How Waymo’s autonomous cars are driven by design
Waymo, the former Google self-driving car project, stands for a new way forward in mobility
The self-driving car industry is at a crossroads. After years of high expectations and lofty predictions, the futurologists can no longer confidently predict a world of hands-free, zero accident driving. Behind the scenes, however, the big players are pressing on with the tech, foreseeing a future where certain journeys – but not all – will benefit hugely from true autonomous vehicles. The autonomous vehicle is coming, no doubt, but right now, it is waiting, cogitating and calculating exactly who and what it’s for.
Alphabet’s Waymo Division is currently leading the pack. The project started at Google back in 2009, with a focus on engineering, software and sensors and it wasn’t until 2015 that their first car appeared. The cute, bug-like Firefly briefly flew the flag for the new technology, serving as a testbed for the new era as it flitted around Google’s vast Mountain View campus.
The company’s Head of Design, YooJung Ahn, has spent nearly eight years at Waymo. Her team has worked closely with the engineers from the outset, finding out new ways of designing for autonomy. We talked to her about the latest version of Waymo’s self-driving machine. ‘We sort of had a blank slate [with Firefly], but our biggest learning from the project was that when developing a car, scaling was a big issue,’ Ahn says, ‘It was eye opening. So that’s why we decided to work with OEMs.’ In addtion to Firefly, Waymo’s tech has been incorporated into Prius, Lexus and Chrysler platforms. Now it’s the turn of an all-new car, the Jaguar I-PACE.
Ahn, who studied industrial design at Hongik University gaining a Masters in Design Methods from the IIT Institute of Design, oversaw all these machines. ‘The cars are all prepared for our use,’ the designer says, ‘it’s not just about making panels differently – it’s about internal materials being more durable, creating new consoles, headliners, etc.’ But most of all, it’s about incorporating Waymo’s arsenal of sensors.
At its core, Waymo is about software and sensors. As well as integrating the latter, Ahn has to bring a sense of unity, corporate coherence and functional simplicity. Waymo Driver number 5 is built upon the I-PACE platform, an accomplished pure EV. It was a natural choice for several reasons. ‘We wanted an EV platform with a lot of power,’ Ahn says, ‘We also wanted to give our user group a bit of diversity. The [Chrysler Pacifica] minivan was good for families. But our role is to have maximum flexibility.’ As well as the flagship I-PACE, of which the first thirty or so can currently be seen in Phoenix and the Bay Area, there are advanced plans for a Waymo-powered truck and a smaller delivery vehicle. As Ahn notes, ‘the technology is evolving every day,’ and the Waymo approach evolves along with it.
While Firefly had a distinct character, the Waymo I-PACE is rather more explicit in its display of technical might. ‘When we started in 2013 people had no idea [about autonomous cars],’ Ahn says, ‘We made our first car look friendly, not intimidating. It wasn’t meant to be a "scary robot car". The I-PACE is a bit more sophisticated, with the recognisable essence of the Jaguar peeking out from beneath a carapace of sensors. We work closely with the engineering team from the beginning,’ Ahn notes, pointing out that elements like layout, proportions, shapes and even the materials in the hefty roof pod are largely determined by the system requirements.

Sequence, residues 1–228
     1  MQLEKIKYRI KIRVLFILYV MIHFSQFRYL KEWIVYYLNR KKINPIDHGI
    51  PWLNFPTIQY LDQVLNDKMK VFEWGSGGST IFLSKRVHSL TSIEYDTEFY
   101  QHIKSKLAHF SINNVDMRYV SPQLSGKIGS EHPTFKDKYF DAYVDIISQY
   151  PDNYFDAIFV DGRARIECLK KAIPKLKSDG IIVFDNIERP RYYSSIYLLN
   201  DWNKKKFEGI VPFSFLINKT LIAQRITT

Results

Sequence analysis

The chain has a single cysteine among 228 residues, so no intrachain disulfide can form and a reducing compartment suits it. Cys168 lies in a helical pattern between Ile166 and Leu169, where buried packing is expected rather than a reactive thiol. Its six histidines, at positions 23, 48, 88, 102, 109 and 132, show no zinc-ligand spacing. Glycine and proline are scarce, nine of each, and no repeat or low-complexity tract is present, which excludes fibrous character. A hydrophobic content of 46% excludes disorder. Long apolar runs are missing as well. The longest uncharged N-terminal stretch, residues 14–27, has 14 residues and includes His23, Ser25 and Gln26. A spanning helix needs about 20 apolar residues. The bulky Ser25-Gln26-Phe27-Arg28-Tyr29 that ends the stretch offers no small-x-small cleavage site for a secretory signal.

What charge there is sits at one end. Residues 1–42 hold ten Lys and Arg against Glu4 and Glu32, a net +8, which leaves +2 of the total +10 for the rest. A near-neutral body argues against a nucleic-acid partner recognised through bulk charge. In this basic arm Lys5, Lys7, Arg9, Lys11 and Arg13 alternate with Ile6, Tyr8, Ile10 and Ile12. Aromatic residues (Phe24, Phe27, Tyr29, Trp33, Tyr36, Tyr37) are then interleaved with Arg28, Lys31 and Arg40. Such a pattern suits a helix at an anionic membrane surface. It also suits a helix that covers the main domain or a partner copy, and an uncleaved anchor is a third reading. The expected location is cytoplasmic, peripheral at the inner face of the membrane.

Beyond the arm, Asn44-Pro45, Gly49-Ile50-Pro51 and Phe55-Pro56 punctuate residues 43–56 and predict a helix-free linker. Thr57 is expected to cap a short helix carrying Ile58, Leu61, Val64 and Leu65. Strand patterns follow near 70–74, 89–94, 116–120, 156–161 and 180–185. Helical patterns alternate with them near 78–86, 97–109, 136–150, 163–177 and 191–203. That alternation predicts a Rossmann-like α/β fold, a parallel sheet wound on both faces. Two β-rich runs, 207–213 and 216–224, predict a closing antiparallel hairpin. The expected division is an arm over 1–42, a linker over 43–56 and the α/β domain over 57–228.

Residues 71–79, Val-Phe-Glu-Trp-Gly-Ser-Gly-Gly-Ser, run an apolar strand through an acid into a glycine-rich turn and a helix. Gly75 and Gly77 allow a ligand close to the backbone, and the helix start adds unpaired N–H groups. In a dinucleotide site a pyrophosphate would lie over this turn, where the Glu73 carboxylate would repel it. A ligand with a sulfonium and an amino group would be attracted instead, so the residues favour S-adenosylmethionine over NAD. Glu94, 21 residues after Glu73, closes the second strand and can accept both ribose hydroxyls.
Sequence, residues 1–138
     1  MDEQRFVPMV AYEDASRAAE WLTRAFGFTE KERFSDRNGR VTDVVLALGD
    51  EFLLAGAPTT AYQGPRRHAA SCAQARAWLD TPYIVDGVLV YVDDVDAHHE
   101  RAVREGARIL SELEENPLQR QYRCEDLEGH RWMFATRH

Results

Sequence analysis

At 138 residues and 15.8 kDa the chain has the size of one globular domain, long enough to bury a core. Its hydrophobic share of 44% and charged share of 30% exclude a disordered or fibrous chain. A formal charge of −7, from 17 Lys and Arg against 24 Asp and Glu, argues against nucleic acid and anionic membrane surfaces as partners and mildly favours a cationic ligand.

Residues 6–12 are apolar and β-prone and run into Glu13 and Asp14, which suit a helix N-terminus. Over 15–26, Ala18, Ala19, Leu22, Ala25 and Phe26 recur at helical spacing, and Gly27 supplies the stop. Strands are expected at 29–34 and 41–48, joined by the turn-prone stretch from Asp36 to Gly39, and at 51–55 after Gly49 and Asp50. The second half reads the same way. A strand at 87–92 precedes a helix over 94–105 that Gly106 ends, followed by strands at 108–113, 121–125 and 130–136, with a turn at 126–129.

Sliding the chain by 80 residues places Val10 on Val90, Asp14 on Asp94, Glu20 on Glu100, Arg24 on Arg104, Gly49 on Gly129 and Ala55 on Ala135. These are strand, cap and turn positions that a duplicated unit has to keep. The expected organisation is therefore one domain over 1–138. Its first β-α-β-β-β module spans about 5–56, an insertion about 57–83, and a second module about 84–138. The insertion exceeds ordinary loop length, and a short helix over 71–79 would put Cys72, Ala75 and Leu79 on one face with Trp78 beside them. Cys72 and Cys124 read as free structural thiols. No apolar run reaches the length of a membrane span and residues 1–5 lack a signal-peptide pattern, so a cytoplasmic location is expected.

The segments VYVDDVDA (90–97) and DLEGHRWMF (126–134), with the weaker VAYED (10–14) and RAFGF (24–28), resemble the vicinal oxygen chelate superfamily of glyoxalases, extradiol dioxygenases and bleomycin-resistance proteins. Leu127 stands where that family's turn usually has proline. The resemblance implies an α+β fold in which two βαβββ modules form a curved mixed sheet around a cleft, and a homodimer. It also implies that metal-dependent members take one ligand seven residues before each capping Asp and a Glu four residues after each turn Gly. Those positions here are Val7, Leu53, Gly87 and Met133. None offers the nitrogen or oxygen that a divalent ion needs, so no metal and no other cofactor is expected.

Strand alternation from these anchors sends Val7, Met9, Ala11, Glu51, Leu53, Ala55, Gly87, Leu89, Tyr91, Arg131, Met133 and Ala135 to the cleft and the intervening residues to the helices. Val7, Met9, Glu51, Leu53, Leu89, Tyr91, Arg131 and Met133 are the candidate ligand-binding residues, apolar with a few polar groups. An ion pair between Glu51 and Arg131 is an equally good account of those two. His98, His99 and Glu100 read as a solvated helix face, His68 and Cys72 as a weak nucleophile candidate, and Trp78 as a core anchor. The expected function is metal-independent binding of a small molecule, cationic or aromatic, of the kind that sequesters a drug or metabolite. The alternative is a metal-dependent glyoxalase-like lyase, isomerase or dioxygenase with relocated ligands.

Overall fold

‘People love technology but they don’t want complexity,’ says Ahn
The sensors include a 360-degree LIDAR system, a 360-degree camera and long-range camera and 2 radars which are both forward facing. That’s just on top; In total, the car has 29 exterior cameras, six radar sensors and five more LIDAR sensors around the vehicle. This is all proprietary technology – ‘we couldn’t get off-the-shelf sensors that met our performance requirements,’ says Ahn – and together they stitch together a vast open dataset (currently around 2TB worth and open to anyone to access) that is processed by the car’s systems.
YooJung Ahn acknowledges that self-driving cars are still in their very early stages. ‘The service and branding is almost more important that the car itself,’ she muses, pointing out the convenience of having the visual identifier on the roof and the custom displays in the interior. Waymo have an option to acquire up to 20,000 I-PACEs, taking the vehicles from Jaguar’s factory in Austria and adapting them Waymo’s Michigan facilities. When asked whether AVs need to be noticeably different from conventional cars, Ahn points out that ‘when it comes to safety, people don’t really mind seeing sensors.’ The balanced design also implies stability.
Regardless of the technology powering Waymo, the company is nothing without a valid business case. Building the Firefly was a bold first step, but also the realisation that car-making is not an easy task (something also discovered by Apple and, more recently, Dyson). Right now, Waymo’s target market is short-hop urban transport, with short and long-distance freight following afterwards. But will the sudden surge in global unemployment make true autonomy a step too far? Or will the increasingly unpredictable requirements for social distancing make autonomous delivery systems an essential part of a new society? Uncertainty, it seems, is all part of the process. ‘People love technology but they don’t want complexity,’ says Ahn, ‘who knows what the next step will be?’ §